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    Some folks (even some psychometricians, including one of my profs) aren't fond of the lack of theoretical depth of the Big Five compared to other frameworks. I'll admit that there's not exactly much to discuss about the Big Five.

    Some people fit better in certain models than other models. I've heard some say that their Big Five results don't describe them as well as their MBTI types, and vice versa.

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    I find the descriptions for the Big 5 to read pretty much like a suicide note.

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    Quote Originally Posted by gasoline View Post
    met with an intj friend today and we chatted a little. i tested him before and he took some psych classes and got intj. he seems pretty healthy but he seems pretty content with sitting on the couch vegging out. he is far more resistant to being open than anyone i know. new possibilities and such that sometimes i wonder why i come around. if i were to describe him, he is reserved and extremely conservative, not really creative. no nerdy interest.


    i honestly thought intuitives were more open minded broad minded and consider things just further out and explore ideas. i had him take the big 5, it seemed more inline with his personality. there seems to be greater variation than mbti in the big 5 and a little more closeness to accuracy. just an observation. mbti is bunk im sure everyone knows this already but just reiterate, big 5 has more variation and is a little more closer than mbti.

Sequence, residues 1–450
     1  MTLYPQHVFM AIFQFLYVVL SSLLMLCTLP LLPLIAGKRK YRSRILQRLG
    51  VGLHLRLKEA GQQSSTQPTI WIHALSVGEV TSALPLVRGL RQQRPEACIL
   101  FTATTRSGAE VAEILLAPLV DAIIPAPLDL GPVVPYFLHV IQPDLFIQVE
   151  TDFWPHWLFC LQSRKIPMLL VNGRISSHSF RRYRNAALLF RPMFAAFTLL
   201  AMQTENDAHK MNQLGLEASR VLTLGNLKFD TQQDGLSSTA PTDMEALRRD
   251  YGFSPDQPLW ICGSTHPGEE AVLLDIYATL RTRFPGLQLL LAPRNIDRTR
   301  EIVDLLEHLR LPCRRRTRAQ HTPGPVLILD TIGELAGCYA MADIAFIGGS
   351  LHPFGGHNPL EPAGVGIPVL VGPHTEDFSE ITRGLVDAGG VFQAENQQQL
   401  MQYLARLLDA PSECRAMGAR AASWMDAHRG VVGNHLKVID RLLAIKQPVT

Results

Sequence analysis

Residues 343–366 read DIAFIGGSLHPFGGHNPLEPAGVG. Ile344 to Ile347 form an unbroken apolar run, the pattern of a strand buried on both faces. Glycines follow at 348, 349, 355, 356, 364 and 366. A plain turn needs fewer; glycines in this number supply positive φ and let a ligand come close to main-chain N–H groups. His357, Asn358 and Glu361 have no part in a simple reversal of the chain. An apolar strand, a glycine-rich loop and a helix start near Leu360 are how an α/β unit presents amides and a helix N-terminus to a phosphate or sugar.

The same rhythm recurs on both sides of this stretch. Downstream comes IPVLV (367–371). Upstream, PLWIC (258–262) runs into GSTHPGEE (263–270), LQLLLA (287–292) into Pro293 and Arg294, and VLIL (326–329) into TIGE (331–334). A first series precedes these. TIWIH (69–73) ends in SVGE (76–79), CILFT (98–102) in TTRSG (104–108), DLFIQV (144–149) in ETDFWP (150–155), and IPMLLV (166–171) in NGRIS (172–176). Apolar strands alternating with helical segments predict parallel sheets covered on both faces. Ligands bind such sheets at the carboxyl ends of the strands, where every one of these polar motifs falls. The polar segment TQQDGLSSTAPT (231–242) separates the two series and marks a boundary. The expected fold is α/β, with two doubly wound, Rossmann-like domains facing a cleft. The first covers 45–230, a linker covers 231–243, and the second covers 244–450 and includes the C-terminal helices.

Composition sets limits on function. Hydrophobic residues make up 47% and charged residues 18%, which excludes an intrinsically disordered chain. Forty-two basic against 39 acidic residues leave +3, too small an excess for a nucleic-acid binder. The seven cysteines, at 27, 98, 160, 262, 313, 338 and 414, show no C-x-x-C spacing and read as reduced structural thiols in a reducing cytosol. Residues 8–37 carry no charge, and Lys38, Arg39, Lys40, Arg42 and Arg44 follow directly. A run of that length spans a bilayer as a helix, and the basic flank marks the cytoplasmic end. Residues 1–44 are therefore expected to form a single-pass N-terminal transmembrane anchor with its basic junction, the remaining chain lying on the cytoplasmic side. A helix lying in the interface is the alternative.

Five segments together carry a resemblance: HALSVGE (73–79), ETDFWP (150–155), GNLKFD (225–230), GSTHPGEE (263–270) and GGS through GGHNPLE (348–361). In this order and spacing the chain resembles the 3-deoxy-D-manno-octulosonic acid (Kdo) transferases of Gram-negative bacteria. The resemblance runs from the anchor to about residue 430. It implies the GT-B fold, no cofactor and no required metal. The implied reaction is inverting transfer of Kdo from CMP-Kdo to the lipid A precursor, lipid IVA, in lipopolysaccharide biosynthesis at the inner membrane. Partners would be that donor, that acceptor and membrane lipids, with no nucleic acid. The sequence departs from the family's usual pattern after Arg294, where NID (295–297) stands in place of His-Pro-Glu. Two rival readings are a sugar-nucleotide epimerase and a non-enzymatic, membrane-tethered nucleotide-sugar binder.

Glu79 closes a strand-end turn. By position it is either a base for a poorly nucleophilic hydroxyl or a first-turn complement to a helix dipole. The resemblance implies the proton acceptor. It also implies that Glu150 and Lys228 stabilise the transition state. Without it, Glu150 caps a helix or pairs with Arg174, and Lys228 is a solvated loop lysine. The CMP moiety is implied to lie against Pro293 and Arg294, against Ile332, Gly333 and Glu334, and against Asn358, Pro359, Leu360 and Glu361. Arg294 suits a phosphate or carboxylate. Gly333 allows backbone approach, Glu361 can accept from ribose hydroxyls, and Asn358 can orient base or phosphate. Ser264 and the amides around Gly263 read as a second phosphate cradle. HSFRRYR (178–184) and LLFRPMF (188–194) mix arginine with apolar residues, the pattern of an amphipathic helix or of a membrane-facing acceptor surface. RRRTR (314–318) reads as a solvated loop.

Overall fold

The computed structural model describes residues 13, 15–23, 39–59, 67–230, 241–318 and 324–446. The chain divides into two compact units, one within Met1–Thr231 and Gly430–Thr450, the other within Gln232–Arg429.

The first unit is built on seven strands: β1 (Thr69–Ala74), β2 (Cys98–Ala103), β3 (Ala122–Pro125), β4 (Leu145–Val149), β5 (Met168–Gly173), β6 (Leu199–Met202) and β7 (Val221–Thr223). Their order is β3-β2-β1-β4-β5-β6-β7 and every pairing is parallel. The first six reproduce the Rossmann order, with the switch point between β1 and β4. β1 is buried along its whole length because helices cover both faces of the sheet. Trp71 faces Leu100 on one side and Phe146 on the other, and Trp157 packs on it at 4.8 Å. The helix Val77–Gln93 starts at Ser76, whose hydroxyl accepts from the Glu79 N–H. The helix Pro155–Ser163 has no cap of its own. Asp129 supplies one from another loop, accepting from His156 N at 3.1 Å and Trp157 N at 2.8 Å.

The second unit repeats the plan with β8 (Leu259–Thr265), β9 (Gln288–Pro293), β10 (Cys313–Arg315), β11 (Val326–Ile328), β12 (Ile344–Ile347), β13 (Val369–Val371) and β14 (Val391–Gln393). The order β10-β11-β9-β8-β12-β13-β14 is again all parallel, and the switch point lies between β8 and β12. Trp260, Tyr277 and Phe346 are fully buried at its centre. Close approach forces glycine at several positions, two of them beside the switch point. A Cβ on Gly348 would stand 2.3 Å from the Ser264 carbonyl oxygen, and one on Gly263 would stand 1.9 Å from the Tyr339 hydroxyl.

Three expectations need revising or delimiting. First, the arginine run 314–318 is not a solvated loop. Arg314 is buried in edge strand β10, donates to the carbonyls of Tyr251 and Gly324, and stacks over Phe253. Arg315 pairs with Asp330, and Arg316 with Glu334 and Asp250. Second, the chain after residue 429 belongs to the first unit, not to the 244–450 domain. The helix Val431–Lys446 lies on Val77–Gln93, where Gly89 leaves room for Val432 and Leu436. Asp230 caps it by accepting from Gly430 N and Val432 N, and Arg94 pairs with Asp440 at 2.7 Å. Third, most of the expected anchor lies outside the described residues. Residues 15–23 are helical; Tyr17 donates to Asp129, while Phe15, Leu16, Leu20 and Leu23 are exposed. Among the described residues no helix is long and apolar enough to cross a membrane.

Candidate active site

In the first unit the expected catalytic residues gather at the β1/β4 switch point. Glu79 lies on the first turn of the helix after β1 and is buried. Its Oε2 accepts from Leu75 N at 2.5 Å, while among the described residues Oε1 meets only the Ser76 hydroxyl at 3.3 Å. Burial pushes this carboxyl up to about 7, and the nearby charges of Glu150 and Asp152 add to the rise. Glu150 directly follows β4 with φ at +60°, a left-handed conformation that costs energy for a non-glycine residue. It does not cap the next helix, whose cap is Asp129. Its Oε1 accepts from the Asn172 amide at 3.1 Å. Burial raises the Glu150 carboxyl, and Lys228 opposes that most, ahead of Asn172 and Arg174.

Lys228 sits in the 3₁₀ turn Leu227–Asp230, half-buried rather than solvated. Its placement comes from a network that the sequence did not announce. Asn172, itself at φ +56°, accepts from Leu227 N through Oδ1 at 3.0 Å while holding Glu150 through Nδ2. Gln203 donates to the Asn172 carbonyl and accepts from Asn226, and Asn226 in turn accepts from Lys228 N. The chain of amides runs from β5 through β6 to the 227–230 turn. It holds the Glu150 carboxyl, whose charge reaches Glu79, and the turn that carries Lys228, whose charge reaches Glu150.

Totally! To some of that at least...

    I actually think it is interesting the way MBTI and SLOAN can interact. They are similar in that a lot of the scales seemingly correlate, but there are some subtle differences. The other day I read a post in which someone listed all the common SLOAN to MBTI types, and it was pretty predictable. ESFP-SXUAN, INFP-RXUAI, INTJ-RXOEI, etc. (The only letter unique to SLOAN of course being L vs. C), so basically they were saying I is the same as Ntuition and Sensing is the same as non curious, which I don't think is fair to say. I score sc|U|ai on SLOAN, though I am pretty close to the n/i line.

    I really don't think MBTI is as you say "bunk". Jung described cognitive processes. It's less concrete than SLOAN. Just because two people have the same cognitive functions, that doesn't mean they will act the same way or have the same interests. That just means they both process information in a similar manner.